The Importance of Proper Probe Placement

The Acuscope is programmed to “know what to do” when it communicates with the cells, acquiring biofeedback and delivering a corrective influence. The responsibility of an Operator, a Biotechnician, is to place the probes in appropriate positions that allow the technology to most efficiently communicate with the biology.

The nature of polarized electricity is that it flows away from the (+) positive charge; and towards the (-) negative charge. Pos pushes; Neg pulls.

Using the Acuscope and Myopulse probes and electrodes, we establish two points of contact at a time. This establishes a closed circuit.

WHILE IN READOUT MODE: Between stimulations, the Active Electrode is in Negative polarity, the Reference is in Positive. This causes the current to move only in one direction, a direct current moving from the body into the instrument. During this time, the Acuscope is measuring the degree of resistance to a gentle, continuous force of about 3 or 4 µA’s (microamps) and simultaneously revealing the results to the Operator (and Patient if they are interested) by showing numbers on the digital display.

DURING TREATMENT: As soon as a treatment cycle is initiated, the equipment is programmed to switch the polarity of the electrodes and continue to do so every two seconds during treatment. This causes the current to flow first in one direction, then in the opposite direction. The microcurrents travel in-and-out/back-and-forth in both directions through the tissue, between the two electrode contact sites. This is known as an Alternating Current.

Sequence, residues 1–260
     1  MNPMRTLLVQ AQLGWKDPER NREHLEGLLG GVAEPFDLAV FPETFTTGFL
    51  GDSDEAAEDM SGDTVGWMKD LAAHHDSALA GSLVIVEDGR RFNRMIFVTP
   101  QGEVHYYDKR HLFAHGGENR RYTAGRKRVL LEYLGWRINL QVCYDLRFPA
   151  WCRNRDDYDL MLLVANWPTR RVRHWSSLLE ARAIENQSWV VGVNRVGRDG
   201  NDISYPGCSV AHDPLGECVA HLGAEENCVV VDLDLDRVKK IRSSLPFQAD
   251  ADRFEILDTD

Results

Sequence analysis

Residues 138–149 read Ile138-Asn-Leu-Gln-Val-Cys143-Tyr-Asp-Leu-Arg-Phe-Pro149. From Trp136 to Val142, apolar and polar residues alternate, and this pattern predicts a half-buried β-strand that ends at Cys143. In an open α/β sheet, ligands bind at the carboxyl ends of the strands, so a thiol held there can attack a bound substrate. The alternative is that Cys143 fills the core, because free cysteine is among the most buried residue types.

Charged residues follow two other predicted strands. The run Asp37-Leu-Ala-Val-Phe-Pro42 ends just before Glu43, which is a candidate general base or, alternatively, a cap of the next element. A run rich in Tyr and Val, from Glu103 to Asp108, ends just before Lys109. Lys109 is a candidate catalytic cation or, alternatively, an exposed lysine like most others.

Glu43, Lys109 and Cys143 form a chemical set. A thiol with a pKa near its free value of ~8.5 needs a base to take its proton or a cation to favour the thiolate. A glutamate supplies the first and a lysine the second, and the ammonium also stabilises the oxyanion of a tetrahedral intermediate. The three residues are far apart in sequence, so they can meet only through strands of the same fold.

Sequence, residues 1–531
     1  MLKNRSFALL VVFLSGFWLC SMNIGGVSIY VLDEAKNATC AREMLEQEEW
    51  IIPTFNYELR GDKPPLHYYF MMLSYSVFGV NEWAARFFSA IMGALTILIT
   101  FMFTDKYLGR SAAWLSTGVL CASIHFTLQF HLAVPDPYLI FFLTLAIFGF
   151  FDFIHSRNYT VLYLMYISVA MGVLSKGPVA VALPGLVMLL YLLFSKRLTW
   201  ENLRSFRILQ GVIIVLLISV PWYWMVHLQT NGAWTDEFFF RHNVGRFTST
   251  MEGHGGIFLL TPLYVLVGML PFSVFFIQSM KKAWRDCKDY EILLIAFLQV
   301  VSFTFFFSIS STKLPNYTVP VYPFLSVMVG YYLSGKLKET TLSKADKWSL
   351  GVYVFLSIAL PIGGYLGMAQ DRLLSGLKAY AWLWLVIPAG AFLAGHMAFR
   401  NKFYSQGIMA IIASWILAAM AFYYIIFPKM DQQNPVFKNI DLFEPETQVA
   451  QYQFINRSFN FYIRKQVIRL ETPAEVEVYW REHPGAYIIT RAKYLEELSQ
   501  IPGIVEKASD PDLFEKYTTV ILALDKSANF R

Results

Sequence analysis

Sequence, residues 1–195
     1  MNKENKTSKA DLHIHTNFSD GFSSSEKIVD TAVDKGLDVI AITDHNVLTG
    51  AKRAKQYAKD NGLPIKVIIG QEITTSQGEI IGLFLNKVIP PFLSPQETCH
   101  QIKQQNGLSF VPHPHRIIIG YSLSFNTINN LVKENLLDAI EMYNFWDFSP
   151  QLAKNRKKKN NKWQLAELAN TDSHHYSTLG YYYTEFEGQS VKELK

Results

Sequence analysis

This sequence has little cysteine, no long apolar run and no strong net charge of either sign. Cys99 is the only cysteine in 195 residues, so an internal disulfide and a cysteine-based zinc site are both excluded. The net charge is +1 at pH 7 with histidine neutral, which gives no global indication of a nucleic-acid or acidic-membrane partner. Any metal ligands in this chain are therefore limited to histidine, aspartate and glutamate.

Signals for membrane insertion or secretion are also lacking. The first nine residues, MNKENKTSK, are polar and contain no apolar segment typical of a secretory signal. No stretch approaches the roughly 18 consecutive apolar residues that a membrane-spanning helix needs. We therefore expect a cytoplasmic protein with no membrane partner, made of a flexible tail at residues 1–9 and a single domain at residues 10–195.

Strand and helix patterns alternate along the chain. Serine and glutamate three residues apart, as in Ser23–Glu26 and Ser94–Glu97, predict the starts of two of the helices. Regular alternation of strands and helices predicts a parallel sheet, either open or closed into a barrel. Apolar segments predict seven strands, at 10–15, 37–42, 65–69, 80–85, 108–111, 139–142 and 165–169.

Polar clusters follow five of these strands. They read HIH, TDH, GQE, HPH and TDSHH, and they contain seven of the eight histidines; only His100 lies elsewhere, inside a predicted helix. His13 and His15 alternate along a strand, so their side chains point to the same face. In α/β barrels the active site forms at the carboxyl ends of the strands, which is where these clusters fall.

While the Active electrode has negative (-) polarity, biofeedback is being acquired (pulled in and picked up) by the instrument; the Reference electrode having positive (+) polarity, it is pushing the current toward the Active.
When the Active electrode has positive (+) polarity, a micro-amperage force is pushing the current out from the instrument and into the tissue; the Reference electrode having negative (-) polarity, it is pulling the current towards itself.

In order to facilitate successful treatment, one must understand that the programming of the Acuscope is according to the way our body’s bioelectricity moves naturally. Neurotransmitters deliver messages from the brain toward the toes. When the biofeedback from the body is being received by the brain, it is moving in the opposite direction, from the toes up toward the brain.

Much like the brain/body communication process, the Acuscope sends and receives. Thus, probe and electrode positioning is an important factor. The Active Electrode (any single tip Trigger Probe or electrode plugged into the red ring jack) should be placed closer to the brain; with the Reference further toward the toes so that the current is moving from Active towards the Reference when the Acuscope is sending; and back up toward the brain from Reference towards Active when the Acuscope is receiving biofeedback.

During the two-second phase when microcurrent carrier waves collect feedback from the tissue, the Active electrode serves as the pick-up point. This location is also where the wave enters and permeates the tissue to deliver the “corrective influence” transmitting the signal into and through the body. The operator, understanding this fundamental aspect, strategically positions and repositions the Active and Reference electrodes on the body. This meticulous placement ensures optimal performance, allowing the instrument to execute its programmed functions effectively.

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